Let $\mathbb{R}^d=\Pi_{i=1}^d \mathbb{R},$ does there exist a covering $\{E_n:n\in \mathbb{Z}^d\}$ of subsets $E_n\subseteq \mathbb{R}^d$ that satisfies the following: $1)$ $ E_n$'s are pairwise disjoint, $2) $ for any $x \in E_n, y\in E_m, $ $x+y\in E_{n+m},$ and $3)$ $\sup_{n\in \mathbb{Z}^d}|E_n|<\infty?$ Note that I'm using $|M|$ to denote the Lebesgue measure of any measurable set $M\subseteq \mathbb{R}^d.$

The collections given by $\{n+[0,1)^{d} : n\in \mathbb{Z}^d \}$ easily comes to mind, but it doesn't seem to satisfy condition $2$ with some easy counterexample like $(1+0.5)+(2+0.5)=3+1\neq 3+q_3$ where $0\leq q_3<1$ in the case $d=1$.

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    $\begingroup$ the first equation looks nonsense to me $\endgroup$ – mathworker21 Dec 7 '18 at 9:26
  • $\begingroup$ Does the empty set cover $\mathbb{R}^d?$ $\endgroup$ – Kurome Dec 7 '18 at 9:27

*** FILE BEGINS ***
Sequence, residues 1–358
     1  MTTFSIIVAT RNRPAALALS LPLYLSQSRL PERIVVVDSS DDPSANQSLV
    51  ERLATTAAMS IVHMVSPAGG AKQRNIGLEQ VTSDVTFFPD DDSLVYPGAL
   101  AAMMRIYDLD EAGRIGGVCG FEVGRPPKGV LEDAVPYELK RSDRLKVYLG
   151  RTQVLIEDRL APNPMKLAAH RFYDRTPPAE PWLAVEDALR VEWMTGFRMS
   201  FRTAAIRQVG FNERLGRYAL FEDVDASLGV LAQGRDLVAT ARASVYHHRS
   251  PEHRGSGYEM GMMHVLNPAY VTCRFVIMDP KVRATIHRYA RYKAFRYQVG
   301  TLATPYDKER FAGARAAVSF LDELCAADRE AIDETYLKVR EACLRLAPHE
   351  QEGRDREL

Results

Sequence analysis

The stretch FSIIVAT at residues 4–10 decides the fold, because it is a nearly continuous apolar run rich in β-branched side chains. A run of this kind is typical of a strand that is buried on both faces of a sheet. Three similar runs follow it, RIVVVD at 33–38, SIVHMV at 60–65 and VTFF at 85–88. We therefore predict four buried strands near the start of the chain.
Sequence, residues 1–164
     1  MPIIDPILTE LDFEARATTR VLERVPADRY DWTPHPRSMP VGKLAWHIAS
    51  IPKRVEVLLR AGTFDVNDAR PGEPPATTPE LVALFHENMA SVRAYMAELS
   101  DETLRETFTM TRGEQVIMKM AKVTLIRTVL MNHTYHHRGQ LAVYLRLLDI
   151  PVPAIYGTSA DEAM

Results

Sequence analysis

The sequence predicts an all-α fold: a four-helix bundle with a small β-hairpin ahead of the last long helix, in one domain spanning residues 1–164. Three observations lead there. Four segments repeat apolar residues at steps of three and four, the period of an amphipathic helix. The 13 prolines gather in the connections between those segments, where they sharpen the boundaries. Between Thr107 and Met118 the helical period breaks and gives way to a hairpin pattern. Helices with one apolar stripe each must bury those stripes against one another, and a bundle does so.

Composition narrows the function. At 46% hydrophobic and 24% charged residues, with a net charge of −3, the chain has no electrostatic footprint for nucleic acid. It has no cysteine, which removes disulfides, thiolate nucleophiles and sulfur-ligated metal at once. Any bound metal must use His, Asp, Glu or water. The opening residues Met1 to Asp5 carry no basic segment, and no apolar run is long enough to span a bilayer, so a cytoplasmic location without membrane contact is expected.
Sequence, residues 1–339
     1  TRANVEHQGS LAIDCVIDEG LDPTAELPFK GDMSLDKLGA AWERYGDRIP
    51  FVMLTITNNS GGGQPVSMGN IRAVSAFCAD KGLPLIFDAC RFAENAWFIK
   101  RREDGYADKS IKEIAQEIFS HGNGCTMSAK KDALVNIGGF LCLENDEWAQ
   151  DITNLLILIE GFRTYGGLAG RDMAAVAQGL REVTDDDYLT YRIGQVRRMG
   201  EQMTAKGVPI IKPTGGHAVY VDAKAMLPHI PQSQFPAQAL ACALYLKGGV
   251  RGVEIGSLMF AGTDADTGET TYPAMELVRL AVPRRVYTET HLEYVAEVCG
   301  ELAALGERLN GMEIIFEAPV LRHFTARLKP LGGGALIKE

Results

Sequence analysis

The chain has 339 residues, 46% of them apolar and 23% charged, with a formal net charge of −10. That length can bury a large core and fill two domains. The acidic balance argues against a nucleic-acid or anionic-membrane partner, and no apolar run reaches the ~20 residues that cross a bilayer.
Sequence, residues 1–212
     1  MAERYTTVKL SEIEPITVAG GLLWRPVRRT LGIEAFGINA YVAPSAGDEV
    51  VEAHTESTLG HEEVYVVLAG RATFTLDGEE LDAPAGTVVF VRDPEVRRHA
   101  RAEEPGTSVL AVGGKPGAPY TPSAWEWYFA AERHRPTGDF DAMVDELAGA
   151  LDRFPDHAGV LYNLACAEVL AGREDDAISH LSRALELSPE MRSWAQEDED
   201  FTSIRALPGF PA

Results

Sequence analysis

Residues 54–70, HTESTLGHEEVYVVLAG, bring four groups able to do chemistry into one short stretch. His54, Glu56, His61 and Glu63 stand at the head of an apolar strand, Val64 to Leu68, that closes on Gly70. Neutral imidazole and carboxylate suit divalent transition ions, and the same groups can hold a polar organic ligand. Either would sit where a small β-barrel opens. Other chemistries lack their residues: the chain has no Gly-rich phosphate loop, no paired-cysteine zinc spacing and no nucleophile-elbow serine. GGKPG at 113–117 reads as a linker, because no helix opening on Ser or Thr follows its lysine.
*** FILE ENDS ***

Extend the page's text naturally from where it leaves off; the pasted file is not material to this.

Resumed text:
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    $\begingroup$ I don't think so if the sets should be measurable. Say focus on the real line. Some $E_n$ must have positive measure. Then $E_{2n}$ contains $E_n+E_n$, so by Steinhaus theorem (sum version math.stackexchange.com/questions/86209/…) it also contains an interval. But then $E_{4n}, E_{6n}$ and so on must contain longer and longer intervals. I haven't thought the details through though. $\endgroup$ – Michal Adamaszek Dec 7 '18 at 9:40
  • $\begingroup$ Hmmm, the theorem doesn't seem to say anything about the sizes of the contained intervals. $\endgroup$ – Kurome Dec 7 '18 at 10:00
  • $\begingroup$ No but if $U$ contains an interval of length $a$ and $V$ contains an interval of length $b$ then surely $U+V$ contains an interval of length $a+b$. $\endgroup$ – Michal Adamaszek Dec 7 '18 at 10:03

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